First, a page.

EU Plan Would Set 70 MPH Speed Limiters In All European Cars

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A proposal before the Mobility and Transport Department of the European Commission would require all new cars sold in the European Union to be fitted with speed limiting devices that would restrain vehicles from traveling at more than 70 miles per hour.

The plan could outfit new cars with cameras that read posted speed limit signs on roadsides and relay the information to a computer, which would moderate excessive speed by applying a car’s brakes without driver control.

According to Britain’s The Telegraph, the “scheme would work either using satellites, which would communicate limits to cars automatically, or using cameras to read road signs. Drivers can be given a warning of the speed limit, or their speed could be controlled automatically under the new measures.”

Like the comical porn ban proposed before the EU earlier this year, the speed-policing plan is still in development and could face a strong headwind in some member nations. One unnamed British government source said the country’s Transport Secretary is opposed to the idea because it violates motorists’ freedoms. “This has Big Brother written all over it and is exactly the sort of thing that gets people’s backs up about Brussels.”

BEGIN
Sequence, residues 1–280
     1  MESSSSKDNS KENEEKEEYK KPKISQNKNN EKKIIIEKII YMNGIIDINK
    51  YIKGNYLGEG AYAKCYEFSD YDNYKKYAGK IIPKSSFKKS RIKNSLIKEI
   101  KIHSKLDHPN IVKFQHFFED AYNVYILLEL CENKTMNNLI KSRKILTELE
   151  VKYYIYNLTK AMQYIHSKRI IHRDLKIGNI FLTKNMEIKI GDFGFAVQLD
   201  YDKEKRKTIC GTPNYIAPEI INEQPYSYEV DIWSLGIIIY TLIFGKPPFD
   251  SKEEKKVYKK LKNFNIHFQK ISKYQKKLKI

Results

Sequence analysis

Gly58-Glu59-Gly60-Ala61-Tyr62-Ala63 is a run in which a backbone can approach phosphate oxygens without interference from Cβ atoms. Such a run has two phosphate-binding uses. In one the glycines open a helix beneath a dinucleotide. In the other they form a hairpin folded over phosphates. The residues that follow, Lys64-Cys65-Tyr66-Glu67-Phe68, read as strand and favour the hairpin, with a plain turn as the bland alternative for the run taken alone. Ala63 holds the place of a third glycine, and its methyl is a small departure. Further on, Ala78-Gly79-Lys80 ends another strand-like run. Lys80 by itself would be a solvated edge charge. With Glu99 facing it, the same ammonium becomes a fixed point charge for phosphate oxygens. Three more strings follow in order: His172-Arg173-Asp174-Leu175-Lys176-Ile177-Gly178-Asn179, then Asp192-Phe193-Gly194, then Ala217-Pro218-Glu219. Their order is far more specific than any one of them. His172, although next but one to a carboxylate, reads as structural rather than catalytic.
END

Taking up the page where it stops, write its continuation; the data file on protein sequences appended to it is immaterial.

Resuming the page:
Brussels is the unofficial seat of most EU central operations, although the pan-European organization has no official capital.

The European Commission’s Mobility and Transport Department announced the measure as a top-down effort to do something about highway safety in member nations, though there is a wide disparity in traffic safety statistics from one country to the next. The proposal would even go so far as to retrofit older vehicles so that they, too, would comply with the forced top speed.

Safety – one of the state’s greatest weapons.

Ben Bullard

Reconciling the concept of individual sovereignty with conscientious participation in the modern American political process is a continuing preoccupation for staff writer Ben Bullard. A former community newspaper writer, Bullard has closely observed the manner in which well-meaning small-town politicians and policy makers often accept, unthinkingly, their increasingly marginal role in shaping the quality of their own lives, as well as those of the people whom they serve. He argues that American public policy is plagued by inscrutable and corrupt motives on a national scale, a fundamental problem which individuals, families and communities must strive to solve. This, he argues, can be achieved only as Americans rediscover the principal role each citizen plays in enriching the welfare of our Republic.